hort.net Seasonal photo, (c) 2006 Christopher P. Lindsey, All Rights Reserved: do not copy
articles | gallery of plants | blog | tech blog | plant profiles | patents | mailing lists | top stories | links | shorturl service | tom clothier's archive0
Gallery of Plants
Tech Blog
Plant Profiles
Mailing Lists
    Search ALL lists
    Search help
    Subscription info
Top Stories
sHORTurl service
Tom Clothier's Archive
 Top Stories
New Trillium species discovered

Disease could hit Britain's trees hard

Ten of the best snowdrop cultivars

Plant protein database helps identify plant gene functions

Dendroclimatologists record history through trees

Potato beetle could be thwarted through gene manipulation

Hawaii expands coffee farm quarantine

Study explains flower petal loss

RSS story archive

Re: seedling of Bold 2009 MTB

  • Subject: Re: seedling of Bold 2009 MTB
  • From: "Margie Valenzuela" <IrisLady@comcast.net>
  • Date: Tue, 1 Sep 2009 21:11:07 -0700


I've tried growing a few of both...............that was probably a good 10 to 15 years ago. What I've been told by other iris lovers is the reason they don't bloom here is because they don't get enough of the chill factor they need (in the winter) in order for them to bloom. We have warm winters here, kind of spring-like actually. Occasionally we may get a night that dips to freezing or even into the mid 20's.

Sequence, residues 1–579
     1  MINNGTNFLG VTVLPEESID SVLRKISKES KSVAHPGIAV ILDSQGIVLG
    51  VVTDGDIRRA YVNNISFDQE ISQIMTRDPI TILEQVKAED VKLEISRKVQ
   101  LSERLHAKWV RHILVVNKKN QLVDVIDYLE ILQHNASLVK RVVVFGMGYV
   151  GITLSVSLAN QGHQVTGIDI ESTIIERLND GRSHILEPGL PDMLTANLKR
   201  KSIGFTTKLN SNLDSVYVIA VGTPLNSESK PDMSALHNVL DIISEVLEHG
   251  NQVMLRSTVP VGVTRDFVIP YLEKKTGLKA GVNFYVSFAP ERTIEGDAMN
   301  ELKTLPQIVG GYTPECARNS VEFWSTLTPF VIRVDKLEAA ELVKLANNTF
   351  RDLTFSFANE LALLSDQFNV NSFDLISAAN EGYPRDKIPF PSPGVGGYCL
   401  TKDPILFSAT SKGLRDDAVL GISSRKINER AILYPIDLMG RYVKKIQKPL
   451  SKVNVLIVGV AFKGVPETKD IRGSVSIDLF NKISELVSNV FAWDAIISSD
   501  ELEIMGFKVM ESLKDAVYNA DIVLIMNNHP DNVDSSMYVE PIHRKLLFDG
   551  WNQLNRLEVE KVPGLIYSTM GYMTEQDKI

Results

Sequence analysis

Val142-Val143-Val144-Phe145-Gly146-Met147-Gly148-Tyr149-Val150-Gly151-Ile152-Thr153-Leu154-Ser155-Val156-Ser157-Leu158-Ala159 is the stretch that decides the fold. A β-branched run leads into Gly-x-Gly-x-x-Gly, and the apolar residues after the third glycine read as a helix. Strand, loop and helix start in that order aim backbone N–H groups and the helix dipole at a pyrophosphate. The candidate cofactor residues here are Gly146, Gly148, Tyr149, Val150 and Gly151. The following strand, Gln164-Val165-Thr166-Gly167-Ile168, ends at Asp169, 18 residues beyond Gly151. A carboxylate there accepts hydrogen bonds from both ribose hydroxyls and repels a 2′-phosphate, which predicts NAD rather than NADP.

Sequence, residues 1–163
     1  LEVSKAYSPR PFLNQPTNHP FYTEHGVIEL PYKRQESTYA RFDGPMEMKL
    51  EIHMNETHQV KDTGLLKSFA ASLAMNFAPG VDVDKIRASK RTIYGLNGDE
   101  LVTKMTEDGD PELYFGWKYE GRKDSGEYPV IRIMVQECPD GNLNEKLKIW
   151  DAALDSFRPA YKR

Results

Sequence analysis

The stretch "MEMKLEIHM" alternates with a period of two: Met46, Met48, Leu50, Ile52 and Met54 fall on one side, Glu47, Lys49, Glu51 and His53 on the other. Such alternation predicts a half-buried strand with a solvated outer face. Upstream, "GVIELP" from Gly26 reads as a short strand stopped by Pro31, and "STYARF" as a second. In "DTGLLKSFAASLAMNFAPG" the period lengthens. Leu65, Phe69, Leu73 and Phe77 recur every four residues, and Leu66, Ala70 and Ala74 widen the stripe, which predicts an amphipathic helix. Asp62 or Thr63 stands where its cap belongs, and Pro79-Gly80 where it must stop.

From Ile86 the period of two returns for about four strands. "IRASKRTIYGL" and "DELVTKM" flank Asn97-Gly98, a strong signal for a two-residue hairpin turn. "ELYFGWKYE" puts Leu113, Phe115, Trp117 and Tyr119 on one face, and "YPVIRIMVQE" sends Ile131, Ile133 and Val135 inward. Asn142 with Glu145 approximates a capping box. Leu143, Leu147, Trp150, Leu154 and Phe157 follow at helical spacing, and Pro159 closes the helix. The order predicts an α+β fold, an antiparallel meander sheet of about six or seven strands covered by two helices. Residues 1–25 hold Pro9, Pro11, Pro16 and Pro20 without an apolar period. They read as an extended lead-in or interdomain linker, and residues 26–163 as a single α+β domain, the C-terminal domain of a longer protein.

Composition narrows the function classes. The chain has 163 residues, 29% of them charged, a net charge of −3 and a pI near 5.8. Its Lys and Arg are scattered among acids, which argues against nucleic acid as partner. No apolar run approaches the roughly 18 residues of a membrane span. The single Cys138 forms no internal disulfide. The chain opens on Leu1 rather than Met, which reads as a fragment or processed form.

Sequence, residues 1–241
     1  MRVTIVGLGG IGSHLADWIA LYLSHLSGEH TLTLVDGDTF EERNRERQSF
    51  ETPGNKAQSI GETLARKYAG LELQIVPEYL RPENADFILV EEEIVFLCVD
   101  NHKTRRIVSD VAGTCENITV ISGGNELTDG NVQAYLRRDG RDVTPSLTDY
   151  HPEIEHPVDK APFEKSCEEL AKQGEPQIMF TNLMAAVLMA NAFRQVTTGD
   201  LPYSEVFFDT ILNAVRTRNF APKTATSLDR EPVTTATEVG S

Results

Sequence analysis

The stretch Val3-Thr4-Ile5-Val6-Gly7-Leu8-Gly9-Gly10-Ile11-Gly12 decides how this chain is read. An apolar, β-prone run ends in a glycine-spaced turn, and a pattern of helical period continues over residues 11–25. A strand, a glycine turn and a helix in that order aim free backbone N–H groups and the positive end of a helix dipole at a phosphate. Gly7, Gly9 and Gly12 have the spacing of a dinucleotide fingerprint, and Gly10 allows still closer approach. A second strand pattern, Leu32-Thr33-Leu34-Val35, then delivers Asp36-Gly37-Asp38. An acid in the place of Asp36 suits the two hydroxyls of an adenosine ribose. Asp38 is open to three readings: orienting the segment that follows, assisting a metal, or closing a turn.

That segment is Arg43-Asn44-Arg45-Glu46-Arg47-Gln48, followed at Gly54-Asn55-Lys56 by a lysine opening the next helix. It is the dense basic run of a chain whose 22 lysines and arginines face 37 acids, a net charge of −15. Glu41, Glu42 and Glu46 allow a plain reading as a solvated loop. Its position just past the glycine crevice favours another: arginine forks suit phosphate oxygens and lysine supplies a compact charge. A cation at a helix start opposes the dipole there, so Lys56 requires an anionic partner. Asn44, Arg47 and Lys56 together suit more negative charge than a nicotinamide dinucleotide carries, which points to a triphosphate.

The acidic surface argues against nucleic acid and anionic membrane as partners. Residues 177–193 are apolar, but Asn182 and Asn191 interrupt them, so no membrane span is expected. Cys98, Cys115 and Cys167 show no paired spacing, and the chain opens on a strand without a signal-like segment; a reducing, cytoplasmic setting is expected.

Now TB's that have the 'Aphylla' gene, will usually dwindle away to 'nothing' in a year to a year and a half here. They can't seem to take the 100 + degree tempts we have which lasts for over a period of 5-6 months out of the year. Unfortunately, quite a few great TB's, even some Dyke Medal winners, just can not survive here if they have that 'Aphylla' gene. Fortunately, besides TB's, we can easily grow BB's, LA's, Arilbreds, and Spurias. :_) 
I've heard the opposite is true too......that quite a few iris introductions developed in warm climate states will not perform well in the colder climates states. The colder climates NEED the iris to have that "Aphylla' gene in order to make it through the cold winter and bloom the following year.
I'm thinking that in order for a TB to grow and perform well in both the hot AND cold locations (states), they may need one 'Aphylla" gene and one 'hot climate surviving' gene in there DNA. That may possibly hold true for MTB's as well.
~ Margie V.
Oro Valley, AZ.
----- Original Message -----
From: Vicki
Sent: Tuesday, September 01, 2009 5:34 PM
Subject: Re: [iris-photos] seedling of Bold 2009 MTB


What kind of MTB's did you try to grow, diploids or tetraploids ? Our
tet MTB's thrive under the very same growing conditions as the TB's.
They have the characteristic of loosing their foliage in very hot or
very cold conditions in mid summer or mid winter. the term 'aphylla'
literally translates as "leafless"! The rhizomes remain firm and as
soon as the weather warms up/ cools down the foliage returns and so do
the bloom stalks. Now most of our iris are several generations away from
the species so some tend to die down early, others do not.

Other Mailing lists | Author Index | Date Index | Subject Index | Thread Index

 © 1995-2017 Mallorn Computing, Inc.All Rights Reserved.
Our Privacy Statement